He supported the Treaty in 1921 and held the Cabinet position of Minister of Education in the first Free State Government. He represented the State on the Anglo Irish Boundary Commission in 1925 but resigned when the findings were leaked to a British newspaper. He lost his seat in the 1927 General Election. In that same year he was the first man to come across Kevin O’Higgins as he lay fatally injured after being shot near his home on Booterstown Avenue in Blackrock, Co Dublin.

He retired from politics completely and became Chairman of the Irish Manuscripts Commission. He published a number of books on Irish history incl. Phases of Irish History (1919) and Celtic Ireland (1921) His work on early Irish History was ground breaking esp. his study of Kingship and succession rights in Ireland before the Anglo Norman Invasion in 1169 AD. Indeed he was one of the first Irish Historians to make a serious attempt to divide fact from myth in the study of the ancient sources of Irish History. His works are still of value today as one of the foundation stones of modern historical study in this Country.

Thursday, 14 October 2021


14 October 1318 : The Battle of Faughart, also known as the Battle of Dundalk, was fought on this day. It was between an Anglo-Irish force led by John of Birmingham and Edmund Butler, and a Scots-Irish army commanded by Edward Bruce, claimant to the Crown of Ireland and brother of Robert Bruce, King of Scotland. Edward was killed in the battle. The defeat and death of Edward de Bruce at the battle ended the attempt to revive an independent Kingdom of Ireland. It also ended the attempt of King Robert of Scotland to open up a second front against the English in the Anglo-Scottish Wars.

Edward had invaded Ireland with an Army of 6,000 men in May 1315 and initially swept all before him. But his arrival here coincided with the start of a Great Famine that swept Europe that was caused by devastating climatic change. That and the cruelties his followers inflicted upon the guilty and innocent alike won him few converts outside of Ulster. Like Hannibal of old he could win battles and sweep the land, but he could not take the city of Dublin – the Capital of Ireland.

By 1318 his position was desperate as he saw his ambition to be King of Ireland in his own right slip away. He decided on a desperate gamble - to give battle before reinforcements could arrive from Scotland and thus lessen his own glory. Thus the two armies met at Faughart, on rising ground just north of Dundalk. Bruce had placed the few Gaelic forces that stayed with him at the rear. He divided his army into three divisions. This disposition proved disastrous, as the divisions proved to be easy targets for deBirmingham’s forces who simply destroyed them as they met and engaged with them. They were too far away from each other to provide any support to each other.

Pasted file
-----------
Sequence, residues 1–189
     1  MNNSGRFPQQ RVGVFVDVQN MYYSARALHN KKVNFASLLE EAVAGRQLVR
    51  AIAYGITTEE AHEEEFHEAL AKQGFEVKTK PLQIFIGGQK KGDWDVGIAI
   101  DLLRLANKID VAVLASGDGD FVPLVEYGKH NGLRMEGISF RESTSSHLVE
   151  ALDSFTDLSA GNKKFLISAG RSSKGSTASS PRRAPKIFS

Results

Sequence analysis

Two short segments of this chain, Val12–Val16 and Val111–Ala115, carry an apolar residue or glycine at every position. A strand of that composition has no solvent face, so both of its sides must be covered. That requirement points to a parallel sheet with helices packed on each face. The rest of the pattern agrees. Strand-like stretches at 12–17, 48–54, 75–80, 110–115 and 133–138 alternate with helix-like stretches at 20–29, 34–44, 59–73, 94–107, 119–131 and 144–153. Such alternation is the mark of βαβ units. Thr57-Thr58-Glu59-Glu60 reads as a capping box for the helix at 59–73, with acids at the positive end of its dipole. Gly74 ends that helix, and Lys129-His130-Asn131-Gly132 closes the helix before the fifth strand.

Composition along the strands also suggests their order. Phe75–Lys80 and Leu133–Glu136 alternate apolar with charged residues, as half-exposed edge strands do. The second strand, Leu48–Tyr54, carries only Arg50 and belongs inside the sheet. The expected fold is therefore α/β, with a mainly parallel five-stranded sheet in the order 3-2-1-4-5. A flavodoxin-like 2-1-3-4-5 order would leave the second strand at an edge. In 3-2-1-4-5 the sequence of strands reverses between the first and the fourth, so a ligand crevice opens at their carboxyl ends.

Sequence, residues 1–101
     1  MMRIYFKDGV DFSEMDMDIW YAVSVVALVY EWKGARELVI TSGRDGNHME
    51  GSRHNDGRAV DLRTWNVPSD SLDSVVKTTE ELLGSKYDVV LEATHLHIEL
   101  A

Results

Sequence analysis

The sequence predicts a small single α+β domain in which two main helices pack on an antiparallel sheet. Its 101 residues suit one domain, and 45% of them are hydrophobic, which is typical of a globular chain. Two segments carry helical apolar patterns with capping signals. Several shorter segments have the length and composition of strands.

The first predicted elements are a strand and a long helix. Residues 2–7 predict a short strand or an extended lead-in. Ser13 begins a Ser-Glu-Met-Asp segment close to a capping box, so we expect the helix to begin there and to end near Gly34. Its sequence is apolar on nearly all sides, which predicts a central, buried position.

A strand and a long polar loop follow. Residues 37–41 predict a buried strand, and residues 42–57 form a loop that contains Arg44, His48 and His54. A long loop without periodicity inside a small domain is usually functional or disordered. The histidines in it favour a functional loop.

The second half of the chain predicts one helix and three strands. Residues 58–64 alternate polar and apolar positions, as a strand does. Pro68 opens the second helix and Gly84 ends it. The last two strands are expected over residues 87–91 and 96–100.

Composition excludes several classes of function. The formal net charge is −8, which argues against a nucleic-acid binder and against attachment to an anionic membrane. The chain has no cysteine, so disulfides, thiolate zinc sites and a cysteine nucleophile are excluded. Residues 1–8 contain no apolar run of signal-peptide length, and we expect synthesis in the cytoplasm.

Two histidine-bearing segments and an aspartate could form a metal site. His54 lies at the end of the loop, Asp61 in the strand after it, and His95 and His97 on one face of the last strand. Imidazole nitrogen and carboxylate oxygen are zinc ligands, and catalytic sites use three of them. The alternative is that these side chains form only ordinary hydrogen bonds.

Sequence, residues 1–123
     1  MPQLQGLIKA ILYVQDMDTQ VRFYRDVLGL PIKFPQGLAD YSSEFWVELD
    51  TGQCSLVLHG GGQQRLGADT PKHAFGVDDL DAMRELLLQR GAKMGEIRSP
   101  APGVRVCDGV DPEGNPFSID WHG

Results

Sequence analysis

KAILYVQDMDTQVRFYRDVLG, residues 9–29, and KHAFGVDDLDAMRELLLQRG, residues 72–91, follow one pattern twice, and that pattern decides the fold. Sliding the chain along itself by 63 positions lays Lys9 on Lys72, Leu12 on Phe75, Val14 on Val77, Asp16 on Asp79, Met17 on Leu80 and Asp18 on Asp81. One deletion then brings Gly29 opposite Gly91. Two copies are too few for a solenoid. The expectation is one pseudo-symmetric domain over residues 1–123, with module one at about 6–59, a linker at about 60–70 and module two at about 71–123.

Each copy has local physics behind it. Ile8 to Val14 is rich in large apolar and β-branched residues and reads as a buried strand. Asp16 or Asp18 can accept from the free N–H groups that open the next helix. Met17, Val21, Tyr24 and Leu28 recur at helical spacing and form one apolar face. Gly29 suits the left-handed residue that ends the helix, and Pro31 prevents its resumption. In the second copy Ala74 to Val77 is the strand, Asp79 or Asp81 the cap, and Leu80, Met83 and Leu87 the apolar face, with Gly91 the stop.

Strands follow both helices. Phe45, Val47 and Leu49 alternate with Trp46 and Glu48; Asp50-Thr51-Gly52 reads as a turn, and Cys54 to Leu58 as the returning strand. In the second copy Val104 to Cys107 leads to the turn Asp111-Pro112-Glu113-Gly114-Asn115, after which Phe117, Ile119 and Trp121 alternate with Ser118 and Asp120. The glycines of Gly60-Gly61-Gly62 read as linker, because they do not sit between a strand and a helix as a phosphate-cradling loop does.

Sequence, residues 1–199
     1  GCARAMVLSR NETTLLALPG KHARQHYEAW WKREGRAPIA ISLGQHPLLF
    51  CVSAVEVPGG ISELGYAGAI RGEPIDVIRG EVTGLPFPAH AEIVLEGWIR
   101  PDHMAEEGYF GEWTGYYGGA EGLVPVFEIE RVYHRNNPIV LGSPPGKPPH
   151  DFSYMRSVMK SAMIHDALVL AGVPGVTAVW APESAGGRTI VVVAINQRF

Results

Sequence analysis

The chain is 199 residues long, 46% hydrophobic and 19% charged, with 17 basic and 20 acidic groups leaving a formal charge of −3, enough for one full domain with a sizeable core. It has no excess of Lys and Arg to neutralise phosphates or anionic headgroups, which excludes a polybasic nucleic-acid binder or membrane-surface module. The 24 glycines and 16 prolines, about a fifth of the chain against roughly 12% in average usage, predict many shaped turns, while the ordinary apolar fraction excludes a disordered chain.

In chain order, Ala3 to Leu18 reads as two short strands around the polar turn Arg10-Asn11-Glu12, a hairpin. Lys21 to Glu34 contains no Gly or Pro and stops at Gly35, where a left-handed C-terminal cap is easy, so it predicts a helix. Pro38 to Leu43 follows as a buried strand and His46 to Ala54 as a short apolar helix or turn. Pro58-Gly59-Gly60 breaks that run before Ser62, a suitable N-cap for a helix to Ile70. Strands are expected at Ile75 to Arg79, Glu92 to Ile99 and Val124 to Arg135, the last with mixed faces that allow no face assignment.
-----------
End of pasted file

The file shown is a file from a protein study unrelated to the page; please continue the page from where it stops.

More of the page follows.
The English 'Chronicle of Lanercost' recorded:

The Scots were in three columns at such a distance from each other that the first was done with before the second came up, and then the second before the third, with which Edward was marching could render any aid. Thus the third column was routed just as the two preceding ones had been. Edward fell at the same time and was beheaded after death; his body being divided into four quarters, which were sent to the four chief quarters of Ireland. 

At the beginning of the battle, Edward Bruce refused to wear the sur-coat bearing his coat of arms. This was worn by his man-servant Gib Harper, who fought beside his master. Both master and servant were killed by an English soldier called John Maupas, but not before Maupas himself had sustained a fatal sword thrust. All three were found together after the battle in which many Scottish nobles who had followed Bruce since the beginning of the campaign, were also killed.

After Edward's death his body was quartered and his limbs sent to various places in Ireland, with his head being delivered to Edward II, the King of England. Tradition holds that his torso was then buried in nearby graveyard.

His defeat and destruction at Faughart was as unexpected as it was sudden but the termination of this terrible war was greeted with relief as it brought to an end a bleak and dark chapter in Ireland’s History. One in which the provinces of Ulster and Leinster bore the brunt of the devastation and in which armies of both sides freely indulged at the cost of the inhabitants both Irish and English who suffered greatly in these harshest of years. 

Edward Bruce, the destroyer of all Erinn in general,

both Foreigners and Gaeidhel, was slain by the Foreigners of Erinn, and …

no better deed for the men of all Erinn was performed

since the beginning of the world, since the Fomorian race was expelled from Erinn, than this deed

for theft and famine, and destruction of men occurred throughout Erinn during his time

For the space of three years and a half

and people used to eat one another, without doubt throughout Erinn.

Annals of Loch Cé 1318 AD

Wednesday, 13 October 2021

 13 October 1881: Charles Stuart Parnell MP was arrested in Morrison’s Hotel, Dublin and conveyed to Kilmainham Jail on this day. The British Prime Minister Gladstone had ordered Parnell’s arrest the previous night after a Cabinet meeting. He then and there dispatched Mr Foster (Britain’s Chief Secretary for Ireland) to Dublin with orders to capture the Irish Leader. Detectives Mallon and Sheridan of the ‘G’ Division of the Dublin Metropolitan Police carried out the arrest. They arrived at the hotel and asked the hotel porter to request an interview with Mr Parnell. The leader of the Land League asked for time to dress and then called up his two visitors who were greeted with the words: 

Do you intend to arrest me?

Yes - replied John Mallon.

The trio went downstairs and into a waiting cab, though Parnell refused to leave until he had been given 10% off the Bill! Mallon then gave the order to Kilmainham and they set off with a police escort to the notorious jail. Once they arrived Parnell was incarcerated with the other political prisoners already held being held there.